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Wednesday, September 29, 2010

Internationalization in Java - when is a number not a number?

The Java product I work on is internationalized and localized - well it turns out for the most part. I updated the code some time back to allow the user to type in numbers in their locale so a German speaking user can type 600,25 (notice the comma instead of a decimal point) and we should consider that to be 600.25 in English.

Two problems arose, the masked entry field I wrote handled this just fine allowing user to type in numbers using their locale settings but the code in others areas converted the typed text to a Double using Double.valueOf(text) and it would fail by tossing and exception. I switched the code to NumberFormat.getInstance().parse(text), adjusted to catch the proper exception and everything now works. This code area allows users to enter custom property values.


One thing I found out, NumberFormat returns a Number. That might be a Double or a Long. If you parse 85 you get a Long. If you parse 85.43 you get a Double. You can ask the Number for its doubleValue if you always want the double. I was getting a typecast error on occasion until I figured this out. If you send in an empty string you get a parse error. You may want to check for that before you parse to assign a default value of Double.MAX_VALUE to indicate empty or 0 if you want empty strings to equal a zero value.

Second problem came from the advanced search area where we allow users to search for previously entered data. We used the same masked entry control but never converted the output to a number. The server takes the search statement as a string so there seemed to be no need. Of course there is a need. The code looks a bit silly but I take the text, convert to a number and convert back to text so it will be in English format to send to the server.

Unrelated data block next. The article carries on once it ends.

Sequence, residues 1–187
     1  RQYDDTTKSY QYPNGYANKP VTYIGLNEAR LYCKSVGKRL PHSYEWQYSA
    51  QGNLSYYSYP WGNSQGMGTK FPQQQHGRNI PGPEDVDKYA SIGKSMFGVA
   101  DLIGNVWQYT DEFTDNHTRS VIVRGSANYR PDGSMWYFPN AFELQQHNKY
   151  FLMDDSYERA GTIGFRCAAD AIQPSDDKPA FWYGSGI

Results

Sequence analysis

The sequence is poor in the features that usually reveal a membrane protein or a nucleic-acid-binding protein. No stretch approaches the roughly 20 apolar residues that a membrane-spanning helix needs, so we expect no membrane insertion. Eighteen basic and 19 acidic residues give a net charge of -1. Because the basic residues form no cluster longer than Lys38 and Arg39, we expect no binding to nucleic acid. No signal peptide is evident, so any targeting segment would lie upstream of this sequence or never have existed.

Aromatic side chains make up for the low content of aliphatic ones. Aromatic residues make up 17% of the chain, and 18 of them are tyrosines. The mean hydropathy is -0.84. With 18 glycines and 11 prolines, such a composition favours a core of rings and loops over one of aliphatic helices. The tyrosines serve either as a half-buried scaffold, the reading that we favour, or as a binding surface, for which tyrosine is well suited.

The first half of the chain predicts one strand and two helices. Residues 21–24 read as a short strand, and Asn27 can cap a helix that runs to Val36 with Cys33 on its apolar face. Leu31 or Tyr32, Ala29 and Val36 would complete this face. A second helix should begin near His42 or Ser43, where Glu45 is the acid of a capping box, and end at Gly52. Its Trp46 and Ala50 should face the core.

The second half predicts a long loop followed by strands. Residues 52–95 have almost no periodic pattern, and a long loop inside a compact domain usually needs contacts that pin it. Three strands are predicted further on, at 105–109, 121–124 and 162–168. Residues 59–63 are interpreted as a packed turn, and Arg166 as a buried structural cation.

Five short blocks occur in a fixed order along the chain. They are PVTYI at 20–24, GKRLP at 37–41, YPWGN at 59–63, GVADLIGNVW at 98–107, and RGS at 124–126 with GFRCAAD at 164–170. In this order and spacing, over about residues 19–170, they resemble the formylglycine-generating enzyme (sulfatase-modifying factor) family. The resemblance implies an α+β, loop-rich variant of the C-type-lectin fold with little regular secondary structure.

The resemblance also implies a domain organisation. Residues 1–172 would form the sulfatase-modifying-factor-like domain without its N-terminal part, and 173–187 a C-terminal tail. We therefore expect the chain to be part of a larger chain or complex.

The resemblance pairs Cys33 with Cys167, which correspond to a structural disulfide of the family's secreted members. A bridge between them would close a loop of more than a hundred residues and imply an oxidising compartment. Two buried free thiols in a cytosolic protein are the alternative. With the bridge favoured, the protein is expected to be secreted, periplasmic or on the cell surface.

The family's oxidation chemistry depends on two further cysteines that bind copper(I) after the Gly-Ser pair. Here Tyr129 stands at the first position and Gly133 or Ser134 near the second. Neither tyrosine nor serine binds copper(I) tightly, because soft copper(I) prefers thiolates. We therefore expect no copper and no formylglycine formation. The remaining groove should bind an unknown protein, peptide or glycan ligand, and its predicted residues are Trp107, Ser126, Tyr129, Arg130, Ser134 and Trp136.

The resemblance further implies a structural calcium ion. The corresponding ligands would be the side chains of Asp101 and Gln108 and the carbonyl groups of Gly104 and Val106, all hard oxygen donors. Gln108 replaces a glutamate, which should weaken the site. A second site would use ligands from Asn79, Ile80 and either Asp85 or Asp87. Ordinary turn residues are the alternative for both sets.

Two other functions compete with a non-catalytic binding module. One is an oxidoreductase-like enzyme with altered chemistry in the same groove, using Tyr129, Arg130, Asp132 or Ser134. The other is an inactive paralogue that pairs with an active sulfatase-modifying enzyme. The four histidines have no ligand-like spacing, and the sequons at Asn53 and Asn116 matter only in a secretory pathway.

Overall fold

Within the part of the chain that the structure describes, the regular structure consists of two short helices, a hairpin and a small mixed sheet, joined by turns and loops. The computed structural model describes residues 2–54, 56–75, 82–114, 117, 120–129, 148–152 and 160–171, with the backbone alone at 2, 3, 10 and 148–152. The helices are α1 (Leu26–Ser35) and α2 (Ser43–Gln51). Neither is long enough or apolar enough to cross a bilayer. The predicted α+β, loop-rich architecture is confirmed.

String numOne = numberFieldOne.getText();

// We convert to a number then back to text for i18n reasons
// All numbers set to server in English format, this forces that rule
try
{
   numOne = NumberFormat.getInstance().parse(numOne).toString();
}
catch (ParseException e)
{
   numOne = numberFieldOne.getText();
}

Everything is up and running again. The company has a big push toward international expansion so it was critical that we solved these issues. I must say Eclipse pop-up help on methods is very handy. I viewed the pop-up for Integer.valueOf and it suggested using NumberFormat instead. I love it when you are handed the answer without needing to do a web search right from the IDE.

Converting existing code to i18n can be painful, making it i18n from the start and keeping it that way can be a big help. I will add this discovery to my i18n toolbox. Seems pretty rare for users to type in floating point values but it does happen and you need to account for it.